5
$\begingroup$

My question is. If the cosmic background radiation is red shifted how would you calculate the wavelength at the time it was emitted ?

$\endgroup$
8
$\begingroup$

When talking of cosmology one needs a model, and the standard model for cosmology at present is the Big Bang Model. This developed fitting observations and taking into account General Relativity ( which includes gravitational redshift.) . In this model the universe started from a small spacetime singularity which is not explorable with the physics we know now and is continuously expanding (with varying rates).

The expansion has been measured by measuring the galactic clusters receding from us and the model has been established. Expanding space leads to a redshift, because the wavelength becomes larger:

The photons that existed at the time of photon decoupling have been propagating ever since, though growing fainter and less energetic, since the expansion of space causes their wavelength to increase over time (and wavelength is inversely proportional to energy according to Planck's relation).

The wavelength at the time it was emitted was from photons with the average energy at the decoupling stage when neutral hydrogen could form, and start the matter stage as we know it, order of electron volts.

It is all consistent, the expansion rate since last decoupling, the temperature/ (wavelength) the CMB is now and what it was at decoupling, which is why the model is successful.

$\endgroup$
  • $\begingroup$ Thank you ! I read the links you attached now I have another question. How accurate are the energy levels for the Planck epoch ? The link stated on the order of 10^19 Gev is that a measured result? $\endgroup$ – newguy Sep 4 '15 at 6:35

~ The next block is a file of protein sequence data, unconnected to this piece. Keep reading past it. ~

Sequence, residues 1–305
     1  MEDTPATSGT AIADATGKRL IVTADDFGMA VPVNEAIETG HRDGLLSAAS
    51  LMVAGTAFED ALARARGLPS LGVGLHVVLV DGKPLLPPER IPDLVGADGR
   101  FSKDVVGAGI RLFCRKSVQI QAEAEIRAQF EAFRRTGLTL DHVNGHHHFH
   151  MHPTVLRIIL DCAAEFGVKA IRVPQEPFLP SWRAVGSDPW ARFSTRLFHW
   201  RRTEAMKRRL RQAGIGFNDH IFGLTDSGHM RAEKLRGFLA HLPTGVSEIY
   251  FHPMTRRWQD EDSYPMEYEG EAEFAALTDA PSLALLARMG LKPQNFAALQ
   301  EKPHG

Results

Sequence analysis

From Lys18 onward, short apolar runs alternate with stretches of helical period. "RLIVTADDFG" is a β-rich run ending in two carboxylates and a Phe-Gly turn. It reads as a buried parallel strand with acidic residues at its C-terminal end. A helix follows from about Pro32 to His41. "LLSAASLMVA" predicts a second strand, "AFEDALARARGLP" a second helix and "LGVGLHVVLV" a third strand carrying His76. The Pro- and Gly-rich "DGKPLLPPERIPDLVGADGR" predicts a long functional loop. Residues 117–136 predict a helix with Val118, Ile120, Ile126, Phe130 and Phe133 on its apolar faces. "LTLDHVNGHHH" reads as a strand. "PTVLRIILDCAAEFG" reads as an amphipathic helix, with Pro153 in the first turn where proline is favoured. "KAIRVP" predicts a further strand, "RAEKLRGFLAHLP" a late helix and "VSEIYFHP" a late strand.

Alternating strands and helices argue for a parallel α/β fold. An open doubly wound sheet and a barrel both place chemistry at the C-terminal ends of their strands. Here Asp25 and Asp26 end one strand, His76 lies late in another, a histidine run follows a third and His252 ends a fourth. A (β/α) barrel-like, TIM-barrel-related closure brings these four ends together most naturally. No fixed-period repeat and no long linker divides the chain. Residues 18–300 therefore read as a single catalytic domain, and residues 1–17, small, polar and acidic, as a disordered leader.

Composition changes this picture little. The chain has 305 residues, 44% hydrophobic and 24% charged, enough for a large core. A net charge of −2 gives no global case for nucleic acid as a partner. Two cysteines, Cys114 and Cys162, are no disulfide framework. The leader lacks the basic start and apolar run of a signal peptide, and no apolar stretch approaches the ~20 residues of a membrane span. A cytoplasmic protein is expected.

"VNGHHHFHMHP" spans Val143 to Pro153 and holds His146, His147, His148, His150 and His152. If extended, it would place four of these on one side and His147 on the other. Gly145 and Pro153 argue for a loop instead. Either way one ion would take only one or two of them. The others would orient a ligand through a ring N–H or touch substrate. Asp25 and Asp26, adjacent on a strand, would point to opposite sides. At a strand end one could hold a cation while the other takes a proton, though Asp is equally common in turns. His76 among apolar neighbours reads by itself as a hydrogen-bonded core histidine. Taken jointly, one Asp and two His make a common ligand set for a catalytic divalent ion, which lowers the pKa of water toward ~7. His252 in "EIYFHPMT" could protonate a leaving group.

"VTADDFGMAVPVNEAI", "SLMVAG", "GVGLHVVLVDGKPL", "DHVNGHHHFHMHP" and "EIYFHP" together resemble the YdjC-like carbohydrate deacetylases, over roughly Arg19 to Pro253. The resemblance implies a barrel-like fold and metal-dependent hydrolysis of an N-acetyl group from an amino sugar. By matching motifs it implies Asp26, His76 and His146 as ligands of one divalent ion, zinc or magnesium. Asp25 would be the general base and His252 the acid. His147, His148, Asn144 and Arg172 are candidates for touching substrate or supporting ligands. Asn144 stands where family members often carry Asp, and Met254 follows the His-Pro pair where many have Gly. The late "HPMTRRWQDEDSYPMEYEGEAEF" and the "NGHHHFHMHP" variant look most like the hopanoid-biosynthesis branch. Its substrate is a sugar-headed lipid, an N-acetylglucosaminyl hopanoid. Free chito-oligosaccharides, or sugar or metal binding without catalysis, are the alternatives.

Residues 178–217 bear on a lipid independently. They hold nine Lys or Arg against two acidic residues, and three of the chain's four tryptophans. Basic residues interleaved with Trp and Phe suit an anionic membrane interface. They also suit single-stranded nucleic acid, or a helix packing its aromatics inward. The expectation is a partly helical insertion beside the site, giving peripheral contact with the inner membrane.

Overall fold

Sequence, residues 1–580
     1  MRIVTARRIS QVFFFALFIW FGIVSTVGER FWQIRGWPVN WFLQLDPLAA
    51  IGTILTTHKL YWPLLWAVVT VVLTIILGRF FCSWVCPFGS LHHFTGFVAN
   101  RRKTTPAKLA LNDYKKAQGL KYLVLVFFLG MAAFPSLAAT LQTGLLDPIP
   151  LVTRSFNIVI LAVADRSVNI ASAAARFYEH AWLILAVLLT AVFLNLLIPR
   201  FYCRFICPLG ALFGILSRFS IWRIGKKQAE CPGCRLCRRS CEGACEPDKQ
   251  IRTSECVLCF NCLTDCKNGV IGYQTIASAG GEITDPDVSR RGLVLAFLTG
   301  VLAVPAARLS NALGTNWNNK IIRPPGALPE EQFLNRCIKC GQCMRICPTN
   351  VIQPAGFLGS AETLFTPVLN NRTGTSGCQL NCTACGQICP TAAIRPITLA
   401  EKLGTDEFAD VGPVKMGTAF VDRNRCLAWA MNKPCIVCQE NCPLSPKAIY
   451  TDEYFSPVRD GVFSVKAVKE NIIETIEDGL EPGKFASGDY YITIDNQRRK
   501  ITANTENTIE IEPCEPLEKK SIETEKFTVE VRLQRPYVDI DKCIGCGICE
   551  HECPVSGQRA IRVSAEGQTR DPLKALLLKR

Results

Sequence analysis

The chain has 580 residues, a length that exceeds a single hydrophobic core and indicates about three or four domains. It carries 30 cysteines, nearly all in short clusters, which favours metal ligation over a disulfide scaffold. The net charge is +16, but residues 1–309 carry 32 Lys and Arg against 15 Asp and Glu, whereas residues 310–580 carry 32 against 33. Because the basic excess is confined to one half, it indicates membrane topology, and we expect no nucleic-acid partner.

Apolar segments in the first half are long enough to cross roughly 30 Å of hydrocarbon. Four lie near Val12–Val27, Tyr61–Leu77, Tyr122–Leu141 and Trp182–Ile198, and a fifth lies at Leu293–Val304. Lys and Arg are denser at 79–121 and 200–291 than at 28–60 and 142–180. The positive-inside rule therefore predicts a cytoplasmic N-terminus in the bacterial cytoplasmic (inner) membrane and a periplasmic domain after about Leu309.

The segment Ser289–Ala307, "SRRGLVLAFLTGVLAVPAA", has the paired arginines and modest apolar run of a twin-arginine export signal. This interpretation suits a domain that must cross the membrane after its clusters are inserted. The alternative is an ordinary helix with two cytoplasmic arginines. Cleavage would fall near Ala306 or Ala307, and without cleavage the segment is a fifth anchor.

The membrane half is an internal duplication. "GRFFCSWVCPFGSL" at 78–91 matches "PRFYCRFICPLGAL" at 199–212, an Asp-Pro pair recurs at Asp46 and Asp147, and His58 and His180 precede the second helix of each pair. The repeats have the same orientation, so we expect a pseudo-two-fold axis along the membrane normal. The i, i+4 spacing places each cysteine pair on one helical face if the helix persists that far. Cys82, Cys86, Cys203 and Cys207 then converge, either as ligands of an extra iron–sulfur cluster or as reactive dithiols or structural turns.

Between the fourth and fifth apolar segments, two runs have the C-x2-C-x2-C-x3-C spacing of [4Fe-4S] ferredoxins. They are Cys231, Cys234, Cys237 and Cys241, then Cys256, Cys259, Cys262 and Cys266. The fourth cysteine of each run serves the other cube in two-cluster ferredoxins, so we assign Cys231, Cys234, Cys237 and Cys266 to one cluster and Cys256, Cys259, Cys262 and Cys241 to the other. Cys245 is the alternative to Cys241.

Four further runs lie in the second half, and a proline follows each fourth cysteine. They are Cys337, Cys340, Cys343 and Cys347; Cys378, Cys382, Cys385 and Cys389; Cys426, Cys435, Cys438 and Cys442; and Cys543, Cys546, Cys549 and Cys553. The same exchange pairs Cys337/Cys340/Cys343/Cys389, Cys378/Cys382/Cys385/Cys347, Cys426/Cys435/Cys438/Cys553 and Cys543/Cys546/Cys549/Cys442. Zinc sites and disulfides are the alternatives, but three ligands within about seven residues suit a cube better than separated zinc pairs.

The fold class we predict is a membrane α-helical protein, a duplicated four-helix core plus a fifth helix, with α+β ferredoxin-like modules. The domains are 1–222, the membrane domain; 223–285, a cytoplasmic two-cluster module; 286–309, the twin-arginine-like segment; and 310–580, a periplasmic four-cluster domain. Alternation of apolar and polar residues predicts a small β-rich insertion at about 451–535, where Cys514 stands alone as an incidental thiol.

• $\begingroup$ It is a result convoluted from measurements. en.wikipedia.org/wiki/Planck_length It is connected to the Planck length, which is derived from three basic constants which have been measured. The time comes from "The Planck time is the time it would take a photon travelling at the speed of light to cross a distance equal to the Planck length."physlink.com/Education/AskExperts/ae281.cfm . So the Planck epoc, is the time from the Big bang to the size of the universe of a Planck length, as close as we can go setting limits from measurement extrapolations. $\endgroup$ – anna v Sep 4 '15 at 10:51
  • $\begingroup$ "effect similar to redshift, because the wavelength becomes larger". How is the effect not identical to redshift, meaning, how is it not actually redshift? Is redshift not merely an increase in wavelength? Or is redshift an increase in wavelength from a specific cause, which is not the same cause as the wavelength increase in photons from the time of decoupling? $\endgroup$ – Todd Wilcox Sep 4 '15 at 11:53
  • 1
    $\begingroup$ @ToddWilcox you are correct, the light is redshifted, the cause is different. $\endgroup$ – anna v Sep 4 '15 at 12:31
  • $\begingroup$ Anna v would it be possible to contact you directly I have a few more question but do not feel this forum would be the place to discuss them do you have a face book account $\endgroup$ – newguy Sep 4 '15 at 18:05

Your Answer

By clicking “Post Your Answer”, you agree to our terms of service, privacy policy and cookie policy

Not the answer you're looking for? Browse other questions tagged or ask your own question.